One year ago, in December, 2018, a global network of union and worker rights lawyers and advocates was launched — the International Lawyers Assisting Workers (ILAW) Network. With workers more…
Unions & Worker Organizations
Research & Publications
Although the short-term effect of today’s decision is to throw 17 million public sector workers into uncertainty, it is also possible that Janus v. AFSCME will serve as a turning point for both a reinvigorated politics of labor and a revitalized conversation about the importance of the public sector to our social compact. Both our economy and our democracy depend on what happens next.
Mantener sindicatos fuertes no solo es un asunto para los miembros sindicales – sino que nos afecta a todos
Perhaps the most important effect of a strong labor movement is the countervailing force it poses to the corporate sector in the political and public policy arenas. This effect is clearly visible in California. With the support and backing of labor, California has passed ambitious laws promoting the rights of workers—union and nonunion alike—as well as policies advancing the common good broadly.
A new study from UC Berkeley’s Center for Labor Research and Education shows that California’s unions have had a strong impact on working families, regardless of union status, through their engagement in public policy. The third brief in a series, the findings were released as the U.S. Supreme Court prepares to issue a ruling in Janus v. AFSCME that threatens to weaken public sector unions.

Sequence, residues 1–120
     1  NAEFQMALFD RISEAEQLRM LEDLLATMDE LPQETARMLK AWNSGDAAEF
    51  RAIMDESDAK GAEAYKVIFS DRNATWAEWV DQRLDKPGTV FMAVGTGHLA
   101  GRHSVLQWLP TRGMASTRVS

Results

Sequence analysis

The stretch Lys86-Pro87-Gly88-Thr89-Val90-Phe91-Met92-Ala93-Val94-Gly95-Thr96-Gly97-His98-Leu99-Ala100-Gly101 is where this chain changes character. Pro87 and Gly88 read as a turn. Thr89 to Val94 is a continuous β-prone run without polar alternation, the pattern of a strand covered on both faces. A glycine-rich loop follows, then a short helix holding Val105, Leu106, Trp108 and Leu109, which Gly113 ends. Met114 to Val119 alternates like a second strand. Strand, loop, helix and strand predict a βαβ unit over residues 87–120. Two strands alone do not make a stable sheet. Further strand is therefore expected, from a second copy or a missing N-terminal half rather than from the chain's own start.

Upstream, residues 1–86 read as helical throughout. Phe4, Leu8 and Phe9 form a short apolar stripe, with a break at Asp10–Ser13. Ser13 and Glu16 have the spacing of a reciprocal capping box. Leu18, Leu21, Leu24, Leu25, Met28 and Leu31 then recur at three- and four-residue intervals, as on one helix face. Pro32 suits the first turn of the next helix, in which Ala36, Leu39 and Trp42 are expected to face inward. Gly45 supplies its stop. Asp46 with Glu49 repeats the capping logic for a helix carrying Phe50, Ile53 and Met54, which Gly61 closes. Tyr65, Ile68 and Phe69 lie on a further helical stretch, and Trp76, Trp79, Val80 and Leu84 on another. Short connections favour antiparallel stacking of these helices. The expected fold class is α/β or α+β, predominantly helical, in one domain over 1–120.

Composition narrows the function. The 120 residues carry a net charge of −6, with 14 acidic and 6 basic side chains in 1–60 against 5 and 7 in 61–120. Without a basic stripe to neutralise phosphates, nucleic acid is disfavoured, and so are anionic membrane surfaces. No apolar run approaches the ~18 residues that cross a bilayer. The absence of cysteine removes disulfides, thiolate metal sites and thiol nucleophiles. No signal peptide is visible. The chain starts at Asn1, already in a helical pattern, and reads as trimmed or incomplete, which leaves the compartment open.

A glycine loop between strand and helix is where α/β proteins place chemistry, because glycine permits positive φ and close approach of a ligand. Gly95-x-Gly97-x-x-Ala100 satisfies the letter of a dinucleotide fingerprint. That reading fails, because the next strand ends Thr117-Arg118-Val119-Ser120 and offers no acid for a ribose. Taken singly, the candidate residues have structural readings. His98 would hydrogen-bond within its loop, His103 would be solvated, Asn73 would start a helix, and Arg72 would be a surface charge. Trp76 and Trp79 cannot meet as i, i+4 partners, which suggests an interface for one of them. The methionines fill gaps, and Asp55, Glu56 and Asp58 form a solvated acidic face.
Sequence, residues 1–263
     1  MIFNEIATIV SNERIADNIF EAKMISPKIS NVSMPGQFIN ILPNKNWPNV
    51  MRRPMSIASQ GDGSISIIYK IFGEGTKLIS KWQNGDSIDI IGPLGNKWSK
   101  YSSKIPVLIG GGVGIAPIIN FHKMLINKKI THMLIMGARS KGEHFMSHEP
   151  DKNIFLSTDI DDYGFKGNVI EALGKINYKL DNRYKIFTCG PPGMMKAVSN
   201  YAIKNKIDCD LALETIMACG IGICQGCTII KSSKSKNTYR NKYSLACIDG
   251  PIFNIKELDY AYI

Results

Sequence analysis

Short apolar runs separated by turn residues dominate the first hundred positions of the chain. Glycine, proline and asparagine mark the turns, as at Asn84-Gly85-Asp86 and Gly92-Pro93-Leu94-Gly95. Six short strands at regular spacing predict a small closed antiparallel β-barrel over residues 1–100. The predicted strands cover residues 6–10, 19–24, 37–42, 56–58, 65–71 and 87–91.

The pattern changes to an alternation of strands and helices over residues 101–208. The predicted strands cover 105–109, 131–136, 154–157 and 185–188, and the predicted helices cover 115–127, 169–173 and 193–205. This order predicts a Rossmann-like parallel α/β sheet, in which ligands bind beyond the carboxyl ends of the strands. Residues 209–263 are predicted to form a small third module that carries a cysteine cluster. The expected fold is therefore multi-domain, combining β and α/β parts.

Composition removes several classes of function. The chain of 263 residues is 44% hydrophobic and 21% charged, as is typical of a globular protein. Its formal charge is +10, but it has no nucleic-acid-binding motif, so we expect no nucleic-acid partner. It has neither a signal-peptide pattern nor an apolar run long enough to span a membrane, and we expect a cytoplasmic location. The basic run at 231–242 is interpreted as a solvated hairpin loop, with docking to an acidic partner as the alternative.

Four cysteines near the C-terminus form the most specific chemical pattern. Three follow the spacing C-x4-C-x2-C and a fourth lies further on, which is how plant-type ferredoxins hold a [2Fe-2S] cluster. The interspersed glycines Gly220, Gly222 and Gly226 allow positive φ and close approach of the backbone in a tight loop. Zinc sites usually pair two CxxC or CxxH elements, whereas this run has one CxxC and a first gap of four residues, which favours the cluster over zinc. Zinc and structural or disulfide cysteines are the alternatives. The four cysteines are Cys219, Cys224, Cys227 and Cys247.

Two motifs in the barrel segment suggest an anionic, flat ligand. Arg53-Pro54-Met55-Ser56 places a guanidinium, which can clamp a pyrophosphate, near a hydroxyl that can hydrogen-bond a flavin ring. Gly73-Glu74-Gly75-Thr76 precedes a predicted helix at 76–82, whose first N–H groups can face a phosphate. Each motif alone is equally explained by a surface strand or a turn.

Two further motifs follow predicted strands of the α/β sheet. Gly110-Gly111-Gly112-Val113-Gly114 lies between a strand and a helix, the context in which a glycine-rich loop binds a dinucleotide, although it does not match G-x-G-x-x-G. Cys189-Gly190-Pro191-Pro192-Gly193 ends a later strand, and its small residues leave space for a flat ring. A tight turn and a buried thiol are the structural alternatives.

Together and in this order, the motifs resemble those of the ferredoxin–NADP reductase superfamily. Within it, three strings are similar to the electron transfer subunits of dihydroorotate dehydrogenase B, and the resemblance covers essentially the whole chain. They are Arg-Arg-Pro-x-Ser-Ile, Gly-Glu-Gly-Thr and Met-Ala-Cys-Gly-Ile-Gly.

May 31, 2018
A Three-Part Series: The Union Effect in California
January 24, 2020
Worker Rights Lawyers Launch New Global Network — International Lawyers Assisting Workers (ILAW)
February 8, 2020
Are You Serious About Winning? LIVE with Jane McAlevey
June 10, 2020
Jane McAlevey’s Vision for the Future of American Labor
June 27, 2018
What comes next? Janus v. AFSCME
Tools & Resources
The NLRB has been “ripped asunder by the current leadership,” says Jane McAlevey, a longtime labor organizer and fellow at UC Berkeley’s Labor Center. The result is that corporations are more likely to cheat in negotiations, knowing there won’t be any real consequences.
Organizing, the last approach—and the one McAlevey champions—recognizes that ordinary people outnumber the elites, and it seeks to involve them in developing a power analysis and a campaign to win. There may be professional organizers who help start a campaign, but for it to be most successful, ordinary people (not staff) must become the leaders of the movement.
Democratic presidential candidate Joe Biden is courting union members with what California Labor Federation spokesman Steve Smith described as “the strongest platform to support workers since FDR.”
Building support and political consciousness amongst workers is obviously crucial to the task of weakening support for the nationalist Right. Writers like Day & Uetricht and Jane McAlevey have made profound and persuasive observations as to how this could be achieved in the US context.
Many people just want to get through 2020, but labor organizer Jane McAlevey believes we can set our sights higher than simply surviving.